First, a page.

You may configure these settings using a GUI by launching nm-connection-editor which currently (13.11.23) isn’t to be found in System Tools → Administration menu, rather it must be launched by hand from the command line. After launching:

  1. Choose a connection (from the Wired or Wireless tab) and click Edit.
  2. Click on the IPv4 Settings tab
  3. Choose ‘Automatic (DHCP) addresses only’ instead of just ‘Automatic (DHCP)’.
  4. Enter the DNS servers in the “DNS servers” field, separated by spaces (e.g. for OpenDNS).
  5. Click “Apply.”

NetworkManager saves these settings in /etc/NetworkManager/system-connections/name-of-connection. Example /etc/NetworkManager/system-connections/Wired connection 1 :


id=Wired connection 1



Running nm-tool again should show that NetworkManager now has the right idea of how your DNS should be resolved.

DHCP Client Configuration

Example: dhclient3 uses /etc/dhcp/dhclient.conf. The setting you want is

supersede domain-name-servers,;

or perhaps

prepend domain-name-servers,;

See the dhclient.conf(5) manual page for details.


Bridging puts multiple interfaces into the same network segment. This is very popular when connecting a server to multiple switches for high availability or with virtualization. In the latter case it is usually used to create a bridge in the host (eg. dom0) and put the virtual interfaces of the guests (domU) into the bridge.

Example: Connect a server to 2 switches (via eth0 and eth1) by defining bridge 0 and give the server an IP address in this subnet:

auto br0
iface br0 inet static
        bridge_ports eth0 eth1
        up /usr/sbin/brctl stp br0 on

If a server is connected to multiple switches then you usually need to run the spanning tree protocol to avoid loops. Therefore STP must be turned on via an “up” command as shown above.

Example: Bridge setup without IP address configuration (use “manual” instead of “static”) to “forward” an interface to a guest VM. (The static bridge config contains only 1 physical interface. The virtual interface will be added to the bridge when the VM is started.)

auto br1
iface br1 inet manual
        bridge_ports eth4
        up /usr/sbin/brctl setageing br1 0
        up /usr/sbin/brctl stp br0 off

Note: The Linux bridge supports only STP, no RSTP (Rapid Spanning Tree). Therefore it supports only the old STP Costs, not the new RSTP Costs (see Spanning_Tree_Protocol). This is usually fine with Cisco Switches, but eg. Juniper switches use the RSTP costs and therefore this may lead to different spanning tree calculations and loop problems. This can be fixed by settings the costs manually, either on the switch or on the server. Setting the cost on the switch is preferred as Linux switches back to the default costs whenever an interface does down/up.

Bridging without Switching

By default the Linux bridge acts like a switch. This means, it remembers the MAC addresses behind a switch port and if the destination MAC address is known, data packets or only forward to the respective port – otherwise packets will be broadcasted.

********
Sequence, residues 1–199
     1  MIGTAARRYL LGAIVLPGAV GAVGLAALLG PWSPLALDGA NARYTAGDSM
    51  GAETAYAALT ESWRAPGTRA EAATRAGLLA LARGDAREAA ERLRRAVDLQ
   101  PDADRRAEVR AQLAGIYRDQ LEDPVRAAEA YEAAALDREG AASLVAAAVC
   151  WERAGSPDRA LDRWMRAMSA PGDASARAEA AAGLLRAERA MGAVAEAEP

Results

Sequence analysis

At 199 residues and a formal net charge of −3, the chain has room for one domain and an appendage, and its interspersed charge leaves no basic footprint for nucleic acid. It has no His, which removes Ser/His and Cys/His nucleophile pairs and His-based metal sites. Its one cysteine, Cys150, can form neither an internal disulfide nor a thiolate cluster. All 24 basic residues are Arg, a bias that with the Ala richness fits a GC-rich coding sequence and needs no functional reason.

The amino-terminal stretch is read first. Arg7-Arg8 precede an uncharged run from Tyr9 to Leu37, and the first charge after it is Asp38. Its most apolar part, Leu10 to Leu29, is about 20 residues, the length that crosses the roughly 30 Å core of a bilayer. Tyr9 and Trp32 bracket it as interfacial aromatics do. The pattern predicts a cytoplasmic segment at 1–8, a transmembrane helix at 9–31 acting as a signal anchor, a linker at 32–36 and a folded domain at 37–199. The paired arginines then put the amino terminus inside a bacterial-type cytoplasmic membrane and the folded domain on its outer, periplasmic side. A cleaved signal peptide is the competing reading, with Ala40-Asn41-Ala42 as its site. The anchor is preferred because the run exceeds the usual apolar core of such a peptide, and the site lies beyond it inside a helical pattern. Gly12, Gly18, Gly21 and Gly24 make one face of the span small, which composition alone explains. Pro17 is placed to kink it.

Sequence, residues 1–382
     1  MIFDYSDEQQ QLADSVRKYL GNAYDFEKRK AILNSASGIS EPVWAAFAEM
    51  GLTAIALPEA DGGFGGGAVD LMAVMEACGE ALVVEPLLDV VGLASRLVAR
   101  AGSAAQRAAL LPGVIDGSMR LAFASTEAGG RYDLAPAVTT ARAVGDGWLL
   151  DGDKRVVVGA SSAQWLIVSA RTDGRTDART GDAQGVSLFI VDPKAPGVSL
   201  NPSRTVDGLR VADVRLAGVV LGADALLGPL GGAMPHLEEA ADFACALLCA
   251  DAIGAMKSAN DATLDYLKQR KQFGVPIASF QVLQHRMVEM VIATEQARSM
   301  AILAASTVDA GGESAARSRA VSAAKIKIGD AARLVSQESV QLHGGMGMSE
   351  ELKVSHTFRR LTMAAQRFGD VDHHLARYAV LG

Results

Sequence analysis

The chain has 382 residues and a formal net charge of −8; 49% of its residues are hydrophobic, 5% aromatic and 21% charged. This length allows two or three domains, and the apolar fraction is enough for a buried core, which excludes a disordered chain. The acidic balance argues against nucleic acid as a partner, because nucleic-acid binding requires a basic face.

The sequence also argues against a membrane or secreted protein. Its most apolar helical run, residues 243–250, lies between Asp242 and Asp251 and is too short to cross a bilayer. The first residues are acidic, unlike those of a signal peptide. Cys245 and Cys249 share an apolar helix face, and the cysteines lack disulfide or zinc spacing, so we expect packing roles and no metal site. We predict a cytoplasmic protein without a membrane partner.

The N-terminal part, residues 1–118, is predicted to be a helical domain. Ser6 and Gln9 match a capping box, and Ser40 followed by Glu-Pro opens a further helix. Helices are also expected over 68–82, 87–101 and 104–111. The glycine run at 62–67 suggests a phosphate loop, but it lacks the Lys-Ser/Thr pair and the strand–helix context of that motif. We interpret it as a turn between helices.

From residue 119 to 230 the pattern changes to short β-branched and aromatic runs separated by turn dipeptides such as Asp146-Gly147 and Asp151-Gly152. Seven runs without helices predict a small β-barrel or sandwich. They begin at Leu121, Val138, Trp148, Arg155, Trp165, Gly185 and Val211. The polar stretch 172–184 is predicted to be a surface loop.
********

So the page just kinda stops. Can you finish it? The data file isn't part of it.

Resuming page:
In some setups this is bad. For example if the bridge connects 2 trunk interfaces and the same MAC addresses may be seen from both interfaces, depending on the VLAN. As the Linux bridge does not support VLANs (dedicated MAC address tables per each VLAN), in such setups you have to disable the MAC address learning and put the bridge into a real “bridge” mode with:

        up /sbin/brctl setageing br0 0
        up /sbin/brctl stp br0 off

Howto use vlan (dot1q, 802.1q, trunk) (Etch, Lenny)

Manual config

modprobe 8021q

apt-get install vlan

vconfig add eth0 222    # 222 is vlan number
ifconfig eth0.222 up
ifconfig eth0.222 mtu 1496    #optional if your network card doesn't support MTU 1504B
ifconfig eth0.222 netmask

Network init script config

Into /etc/modules add line:


In /etc/network/interfaces to section iface add parameter:

        vlan-raw-device eth0

The interface name should be the raw interface name (the same as specified by vlan-raw-device), then a dot, then the VLAN ID, for example eth0.100. It can instead be “vlan” then the VLAN ID, for example vlan100. In either case, the VLAN ID is on the end, and this is the only place that it is configured.

Note: If you name your VLAN interfaces ethX.YYY, then there is no need to specify the vlan-raw-device, as the raw device can be retrieved from the interface name.


auto eth0.222
iface eth0.222 inet static
        vlan-raw-device eth0

Bridges and VLANs

If you create VLAN interfaces only to put them into a bridge, there is no need to define the VLAN interfaces manually. Just config the bridge, and the VLAN interface will be created automatically when creating the bridge, e.g:

auto br1
iface br1 inet manual
        bridge_ports eth0.99 eth1.99
        up /usr/sbin/brctl stp br0 on

Caveats when using bridging and vlan

auto eth0 bri0
iface eth0 inet static
iface eth0.110 inet manual
        vlan-raw-device eth0
iface bri0 inet static
        bridge_ports eth0.110
        bridge_stp on
        bridge_maxwait 10